Posted on  UTC 2016-04-01 01:02

Quote of the month

William Shakespeare (1564-1616) died 400 years ago on 23 April.[1]

Fear no more the heat o' the sun,

Nor the furious winter's rages;

Thou thy worldly task hast done,

Home art gone, and ta'en thy wages;

Golden lads and girls all must,

As chimney-sweepers, come to dust.

William Shakespeare, the first verse of the dirge in Cymbeline, Act IV Scene 2.

Image of the month

Golden lads and girls all must,
As chimney-sweepers, come to dust.

Two photos of a Swiss alpine meadow taken three weeks apart. The first appearance of dandelions is an important event in the agricultural calendar in the mountains.
A widely spread assertion is that 'golden lads' in Shakespeare's Warwickshire dialect refers to dandelions in flower and 'chimney sweepers' is the name applied when they have gone to seed. Many have seized on this assertion, despite the fact that these allusions, particularly 'come to dust', do not really match Shakespeare's text. No reliable primary source for this assertion is ever given.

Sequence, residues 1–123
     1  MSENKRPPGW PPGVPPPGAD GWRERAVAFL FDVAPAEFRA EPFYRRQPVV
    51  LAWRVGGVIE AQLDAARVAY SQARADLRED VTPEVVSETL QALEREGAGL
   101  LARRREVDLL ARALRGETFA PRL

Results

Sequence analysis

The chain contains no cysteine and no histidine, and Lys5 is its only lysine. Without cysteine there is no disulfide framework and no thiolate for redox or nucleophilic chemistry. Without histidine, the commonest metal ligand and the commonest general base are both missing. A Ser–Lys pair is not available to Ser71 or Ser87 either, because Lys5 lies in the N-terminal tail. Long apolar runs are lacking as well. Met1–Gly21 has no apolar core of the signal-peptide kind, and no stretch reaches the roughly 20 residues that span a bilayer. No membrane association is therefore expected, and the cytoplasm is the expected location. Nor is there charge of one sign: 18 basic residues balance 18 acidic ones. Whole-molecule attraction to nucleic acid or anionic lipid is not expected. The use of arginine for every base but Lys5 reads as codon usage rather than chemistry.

The author of a recent paper (£) has shown convincingly that the dandelion interpretation is almost certainly false and is thus yet another example of one of this blog's many mottos: 'nothing is ever as it seems'.
On the 400th anniversary of our Golden Lad's coming to dust let us scrape this nonsense away from these two magnificent lines, in their compact genius an achievement for which most other poets would require at least two full verses. Who needs dandelions?


  1. ^ Update: This statement is correct for those few diehards still using the Julian calendar (with January 1st adjusted). Fans of the Gregorian calendar will prefer having him die on 3 May. Lift a glass to him on 23 April and again on 3 May just to be sure – a win-win.

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